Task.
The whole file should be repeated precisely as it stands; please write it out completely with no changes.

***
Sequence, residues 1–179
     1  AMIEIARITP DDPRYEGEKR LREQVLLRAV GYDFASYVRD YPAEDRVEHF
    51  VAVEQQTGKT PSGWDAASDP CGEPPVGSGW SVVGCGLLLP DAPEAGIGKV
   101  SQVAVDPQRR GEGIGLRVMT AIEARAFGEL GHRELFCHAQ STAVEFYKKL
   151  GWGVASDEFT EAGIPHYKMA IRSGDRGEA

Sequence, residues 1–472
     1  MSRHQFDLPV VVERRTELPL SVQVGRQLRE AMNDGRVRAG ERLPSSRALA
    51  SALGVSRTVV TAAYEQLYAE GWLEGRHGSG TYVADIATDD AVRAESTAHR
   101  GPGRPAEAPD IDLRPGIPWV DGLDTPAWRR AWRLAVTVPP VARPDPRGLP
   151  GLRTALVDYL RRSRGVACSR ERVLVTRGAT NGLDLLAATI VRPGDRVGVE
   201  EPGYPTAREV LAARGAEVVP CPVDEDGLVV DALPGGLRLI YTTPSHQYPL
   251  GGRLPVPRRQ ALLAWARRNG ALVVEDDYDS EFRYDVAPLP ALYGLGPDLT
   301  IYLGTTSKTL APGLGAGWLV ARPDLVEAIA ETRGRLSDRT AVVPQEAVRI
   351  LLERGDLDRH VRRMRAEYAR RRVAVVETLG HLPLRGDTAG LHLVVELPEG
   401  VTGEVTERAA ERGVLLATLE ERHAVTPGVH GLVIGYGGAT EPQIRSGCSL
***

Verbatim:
Sequence, residues 1–179
     1  AMIEIARITP DDPRYEGEKR LREQVLLRAV GYDFASYVRD YPAEDRVEHF
    51  VAVEQQTGKT PSGWDAASDP CGEPPVGSGW SVVGCGLLLP DAPEAGIGKV
   101  SQVAVDPQRR GEGIGLRVMT AIEARAFGEL GHRELFCHAQ STAVEFYKKL
   151  GWGVASDEFT EAGIPHYKMA IRSGDRGEA

Sequence, residues 1–472
     1  MSRHQFDLPV VVERRTELPL SVQVGRQLRE AMNDGRVRAG ERLPSSRALA
    51  SALGVSRTVV TAAYEQLYAE GWLEGRHGSG TYVADIATDD AVRAESTAHR
   101  GPGRPAEAPD IDLRPGIPWV DGLDTPAWRR AWRLAVTVPP VARPDPRGLP
   151  GLRTALVDYL RRSRGVACSR ERVLVTRGAT NGLDLLAATI VRPGDRVGVE
   201  EPGYPTAREV LAARGAEVVP CPVDEDGLVV DALPGGLRLI YTTPSHQYPL
   251  GGRLPVPRRQ ALLAWARRNG ALVVEDDYDS EFRYDVAPLP ALYGLGPDLT
   301  IYLGTTSKTL APGLGAGWLV ARPDLVEAIA ETRGRLSDRT AVVPQEAVRI
   351  LLERGDLDRH VRRMRAEYAR RRVAVVETLG HLPLRGDTAG LHLVVELPEG
   401  VTGEVTERAA ERGVLLATLE ERHAVTPGVH GLVIGYGGAT EPQIRSGCSL